Swaaciit imasinam akiani et’ut. - Tlingits are across the big ocean.
The Tlingit Indians of southeast Alaska are the Alutiiq people’s eastern neighbors. Their homeland extends from Yakutat Bay at the entrance to the Alaska Panhandle to northern coastal British Columbia. Like the traditional Alutiiq societies, Tlingit communities were once large and affluent. The Tlingit lived in big coastal villages organized around clans, extended families that worked and lived together. They had hereditary social classes, hosted elaborate winter festivals, kept slaves, waged warfare, and traveled widely.
Travel to the west brought Tlingit people into contact with Alutiiq communities. Interaction was most frequent in Prince William Sound. Here, contacts were both friendly and hostile. Traditional stories recount the slaughter of Alutiiq hunters who strayed into Tlingit territory as well as raids on Alutiiq communities that resulted in the death and enslavement of residents. Alutiiq communities took brutal revenge, developing a reputation for fierceness. These same accounts, however, reveal that neighboring communities also invited each other to compete in friendly games, participate in festivals, and trade.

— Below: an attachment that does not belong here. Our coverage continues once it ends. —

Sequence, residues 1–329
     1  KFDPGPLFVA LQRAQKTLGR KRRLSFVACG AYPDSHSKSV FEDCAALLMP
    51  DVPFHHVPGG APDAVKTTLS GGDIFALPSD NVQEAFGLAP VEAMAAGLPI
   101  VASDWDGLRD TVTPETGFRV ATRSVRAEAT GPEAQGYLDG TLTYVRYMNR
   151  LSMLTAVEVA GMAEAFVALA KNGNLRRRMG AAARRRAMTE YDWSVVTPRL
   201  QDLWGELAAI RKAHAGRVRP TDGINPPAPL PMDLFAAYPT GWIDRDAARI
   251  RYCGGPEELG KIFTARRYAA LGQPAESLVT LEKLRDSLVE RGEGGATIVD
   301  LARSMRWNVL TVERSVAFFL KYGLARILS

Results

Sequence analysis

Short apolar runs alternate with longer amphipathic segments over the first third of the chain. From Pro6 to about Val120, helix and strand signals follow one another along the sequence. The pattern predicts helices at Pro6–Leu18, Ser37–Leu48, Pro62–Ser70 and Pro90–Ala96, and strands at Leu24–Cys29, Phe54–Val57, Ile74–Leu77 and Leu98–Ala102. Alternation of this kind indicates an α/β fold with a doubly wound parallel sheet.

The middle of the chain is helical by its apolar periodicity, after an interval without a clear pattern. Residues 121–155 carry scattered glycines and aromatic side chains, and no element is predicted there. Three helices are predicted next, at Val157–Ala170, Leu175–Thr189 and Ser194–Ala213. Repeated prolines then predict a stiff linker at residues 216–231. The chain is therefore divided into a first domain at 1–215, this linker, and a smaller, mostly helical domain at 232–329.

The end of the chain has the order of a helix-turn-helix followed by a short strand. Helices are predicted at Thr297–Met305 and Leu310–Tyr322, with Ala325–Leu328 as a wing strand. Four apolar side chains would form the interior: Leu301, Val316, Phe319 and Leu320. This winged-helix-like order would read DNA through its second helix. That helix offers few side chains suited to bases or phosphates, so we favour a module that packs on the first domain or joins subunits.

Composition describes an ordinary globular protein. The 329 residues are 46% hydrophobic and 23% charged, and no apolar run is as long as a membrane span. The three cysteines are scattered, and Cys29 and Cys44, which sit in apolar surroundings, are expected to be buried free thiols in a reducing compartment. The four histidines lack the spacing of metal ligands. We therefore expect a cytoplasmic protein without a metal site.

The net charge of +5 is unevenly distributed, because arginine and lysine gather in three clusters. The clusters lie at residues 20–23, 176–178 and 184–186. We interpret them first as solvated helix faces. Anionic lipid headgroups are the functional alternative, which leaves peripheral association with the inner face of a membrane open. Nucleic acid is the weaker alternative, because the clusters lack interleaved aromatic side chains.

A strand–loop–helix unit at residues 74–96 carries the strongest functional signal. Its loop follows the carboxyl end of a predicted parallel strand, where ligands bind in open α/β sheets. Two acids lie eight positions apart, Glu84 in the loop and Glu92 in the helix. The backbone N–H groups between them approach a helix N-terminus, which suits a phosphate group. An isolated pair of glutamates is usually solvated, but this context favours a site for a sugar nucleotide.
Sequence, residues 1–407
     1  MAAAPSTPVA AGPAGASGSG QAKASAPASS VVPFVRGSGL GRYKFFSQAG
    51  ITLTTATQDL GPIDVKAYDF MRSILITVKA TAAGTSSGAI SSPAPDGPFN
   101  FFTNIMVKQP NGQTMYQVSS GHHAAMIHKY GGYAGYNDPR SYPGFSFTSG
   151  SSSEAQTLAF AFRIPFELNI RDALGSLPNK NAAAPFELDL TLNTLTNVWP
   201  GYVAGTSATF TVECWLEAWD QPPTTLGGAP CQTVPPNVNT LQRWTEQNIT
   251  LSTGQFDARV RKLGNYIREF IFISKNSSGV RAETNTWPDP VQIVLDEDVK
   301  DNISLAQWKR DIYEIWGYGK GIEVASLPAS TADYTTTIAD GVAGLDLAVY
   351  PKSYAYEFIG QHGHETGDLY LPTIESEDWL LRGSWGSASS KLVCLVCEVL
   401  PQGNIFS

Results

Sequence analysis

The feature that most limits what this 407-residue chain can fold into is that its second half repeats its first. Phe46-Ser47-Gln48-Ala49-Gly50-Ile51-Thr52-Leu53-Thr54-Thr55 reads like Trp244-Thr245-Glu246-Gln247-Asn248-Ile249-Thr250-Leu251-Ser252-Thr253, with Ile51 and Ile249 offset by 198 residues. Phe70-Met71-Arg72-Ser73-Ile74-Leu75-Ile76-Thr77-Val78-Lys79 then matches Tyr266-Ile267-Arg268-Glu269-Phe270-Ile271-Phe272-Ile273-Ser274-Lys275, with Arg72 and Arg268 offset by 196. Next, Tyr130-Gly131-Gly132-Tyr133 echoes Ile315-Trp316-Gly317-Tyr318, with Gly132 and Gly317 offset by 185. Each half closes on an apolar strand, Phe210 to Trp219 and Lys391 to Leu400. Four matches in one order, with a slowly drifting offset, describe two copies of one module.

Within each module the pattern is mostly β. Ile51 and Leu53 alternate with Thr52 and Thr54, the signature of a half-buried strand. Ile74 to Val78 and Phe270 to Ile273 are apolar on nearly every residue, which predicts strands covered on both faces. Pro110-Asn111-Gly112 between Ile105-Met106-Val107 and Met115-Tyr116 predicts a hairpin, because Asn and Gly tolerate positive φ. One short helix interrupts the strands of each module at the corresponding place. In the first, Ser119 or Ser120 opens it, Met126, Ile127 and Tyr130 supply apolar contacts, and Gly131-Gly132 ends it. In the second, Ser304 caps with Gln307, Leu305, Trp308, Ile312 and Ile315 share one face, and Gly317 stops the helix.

Anthropologists believe that interaction between the two societies became more common in the late prehistoric era. At this time, southeast Alaska trade goods like abalone and dentalium shells appear more commonly in Kodiak’s archaeological sites, elements of Tlingit form line art appear in Alutiiq art, and Alutiiqs adopted items of Tlingit technology, like spruce root hats and two-pieced halibut fishing hooks. In turn, early historic Tlingit people are known to have utilized items of Alutiiq technology: skin-covered kayaks and sea otter harpoon darts.
Photo: Tlingit and Alutiiq dancers work together in a cultural exchange, Kodiak, summer 2011.